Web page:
I went to a Lutheran Kindergarten that belongs to a church (same church I had my German wedding in), where we had bible studies. Then I went to a catholic elementary school, cause my parents thought it was a better school, so I also learned that part (next to a home for orphans ran by nuns, who were also teachers). However, the few Student who were not Catholic (me included) were not allowed to go to the special church field trips that prepared our classmates for the first communion.
I then also attended and studied in the church I went to Kindergarten for the confirmation.
+ throughout my school career, I had religion class all the time.

So I know both sides (and what I learned in Religion class about Islam, Buddhism, etc.), I know the bible, and that's why I'm an atheist.
So what do you believe happens after you die? Just simple non-existence? There's something kind of comforting about that thought.

Or, do you consider it the unknown that nobody really knows and we'll find out when we die?

I'm interested to hear your insight.

Atheism is a religion in of itself.
 
Apr 16, 2005
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#16
So what do you believe happens after you die? Just simple non-existence? There's something kind of comforting about that thought.

Or, do you consider it the unknown that nobody really knows and we'll find out when we die?

I'm interested to hear your insight.

Atheism is a religion in of itself.
Well, same as what happens to every living thing. We seize to exist. Blackness. Nothing.
 

Coach E. No

Jesus es Numero Uno
Mar 30, 2013
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#17
I've just recently started using the Blue Letter Bible website and it cross references a lot of stuff and includes the Strong's concordance. It's been a huge help for translating or getting the original meanings of the original Greek and Hebrew texts and has helped me as of late learning a lot more.

A small sample subject, I've been talking to a lot of people about "what is the gospel" of Christ and I usually get varied answers so I took to the Bible to find the best answers I could. Long story short, my old pastor mentioned "whoever calls on the Lord will be saved." If you look at the word "calls," it actually means "to put on the surname" of someone. The Bible talks a lot about how the church is the bride of Christ. If we are "calling" on the Lord to accept that He is our Savior, we are making an everlasting covenant with Him, a marriage. It is not simply calling His name, it is far deeper than that. And that is just reading deeper into the meaning of 1 word. So I agree that the translations aren't very good sometimes.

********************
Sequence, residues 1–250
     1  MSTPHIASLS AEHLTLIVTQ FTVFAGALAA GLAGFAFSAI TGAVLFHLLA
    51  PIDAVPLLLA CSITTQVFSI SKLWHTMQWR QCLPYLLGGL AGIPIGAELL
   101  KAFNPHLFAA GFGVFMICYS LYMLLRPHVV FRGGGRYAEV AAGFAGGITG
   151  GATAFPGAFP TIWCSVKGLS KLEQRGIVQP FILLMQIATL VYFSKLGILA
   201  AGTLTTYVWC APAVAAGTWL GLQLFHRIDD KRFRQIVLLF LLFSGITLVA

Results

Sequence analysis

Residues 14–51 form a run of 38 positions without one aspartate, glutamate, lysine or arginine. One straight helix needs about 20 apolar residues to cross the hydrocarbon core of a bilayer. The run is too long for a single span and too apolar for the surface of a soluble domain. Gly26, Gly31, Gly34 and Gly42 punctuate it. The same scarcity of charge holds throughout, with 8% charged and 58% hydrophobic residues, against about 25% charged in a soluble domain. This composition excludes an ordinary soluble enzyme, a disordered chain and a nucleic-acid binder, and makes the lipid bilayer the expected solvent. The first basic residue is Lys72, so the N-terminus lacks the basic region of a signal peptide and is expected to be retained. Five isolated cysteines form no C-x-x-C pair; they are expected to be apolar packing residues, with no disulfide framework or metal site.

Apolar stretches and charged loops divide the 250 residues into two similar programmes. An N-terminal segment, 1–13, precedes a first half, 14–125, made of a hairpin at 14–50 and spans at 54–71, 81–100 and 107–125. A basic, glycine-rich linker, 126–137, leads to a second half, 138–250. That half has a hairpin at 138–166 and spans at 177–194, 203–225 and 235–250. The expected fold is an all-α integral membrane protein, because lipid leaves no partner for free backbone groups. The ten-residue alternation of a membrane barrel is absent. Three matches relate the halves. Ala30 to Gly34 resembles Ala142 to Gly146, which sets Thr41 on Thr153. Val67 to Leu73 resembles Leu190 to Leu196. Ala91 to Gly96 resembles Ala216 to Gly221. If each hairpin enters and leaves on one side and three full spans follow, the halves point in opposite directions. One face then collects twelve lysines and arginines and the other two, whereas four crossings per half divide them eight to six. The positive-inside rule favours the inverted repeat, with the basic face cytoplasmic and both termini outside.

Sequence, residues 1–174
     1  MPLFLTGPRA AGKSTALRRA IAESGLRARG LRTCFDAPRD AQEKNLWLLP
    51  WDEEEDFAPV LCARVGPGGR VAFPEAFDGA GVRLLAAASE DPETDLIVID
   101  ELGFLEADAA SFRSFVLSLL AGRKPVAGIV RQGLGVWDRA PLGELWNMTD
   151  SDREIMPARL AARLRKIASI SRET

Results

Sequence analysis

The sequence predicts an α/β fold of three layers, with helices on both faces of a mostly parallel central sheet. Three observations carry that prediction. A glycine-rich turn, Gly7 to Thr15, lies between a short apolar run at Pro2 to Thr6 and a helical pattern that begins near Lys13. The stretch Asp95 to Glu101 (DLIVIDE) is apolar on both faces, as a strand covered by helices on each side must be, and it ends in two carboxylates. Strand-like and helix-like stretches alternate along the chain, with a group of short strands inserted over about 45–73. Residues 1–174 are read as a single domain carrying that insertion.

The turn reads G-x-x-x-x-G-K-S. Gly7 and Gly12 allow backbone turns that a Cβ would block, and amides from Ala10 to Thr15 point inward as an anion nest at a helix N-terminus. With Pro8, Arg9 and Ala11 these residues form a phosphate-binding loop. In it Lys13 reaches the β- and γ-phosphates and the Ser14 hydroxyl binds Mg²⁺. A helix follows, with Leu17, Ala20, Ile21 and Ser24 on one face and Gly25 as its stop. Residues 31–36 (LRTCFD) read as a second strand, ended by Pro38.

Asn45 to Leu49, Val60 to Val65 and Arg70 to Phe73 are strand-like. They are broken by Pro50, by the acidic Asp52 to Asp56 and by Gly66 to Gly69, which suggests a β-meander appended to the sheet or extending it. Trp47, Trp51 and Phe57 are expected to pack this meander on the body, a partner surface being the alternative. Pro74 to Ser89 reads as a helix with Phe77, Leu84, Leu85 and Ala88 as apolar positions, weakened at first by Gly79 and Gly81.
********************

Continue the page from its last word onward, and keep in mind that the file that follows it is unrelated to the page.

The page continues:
As far as hell, Jesus mentions or alludes to Hell more than He did for Heaven in the Bible. He mentions destruction, where there is weeping and gnashing of teeth, where your body is thrown into the fire, everlasting fire, everlasting punishment, etc... Can't believe in a Heaven if you do not believe there is a hell IMO.

I'm a little weary but kind of excited, I'm starting my Master's for Christian Ministry with a focus on Homiletics in a couple weeks.
 

Coach E. No

Jesus es Numero Uno
Mar 30, 2013
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#18
Sheol and Hades simply mean the grave, the place of the dead, or the pit.

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Sheol and Hades are not the hell that we commonly think of. I read about that this summer and after studying it, this pretty well explained it.

What is the difference between Sheol, Hades, Hell, the lake of fire, Paradise, and Abraham’s bosom?

That website usually delivers and excellent explanation of a huge variety of subjects. I could spend hours reading that site. Obviously if you didn't believe what the Bible says at all, you'd think it was all a huge lie but if you're searching for answers of any kind, this site is great IMO
 
Jun 2, 2002
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#19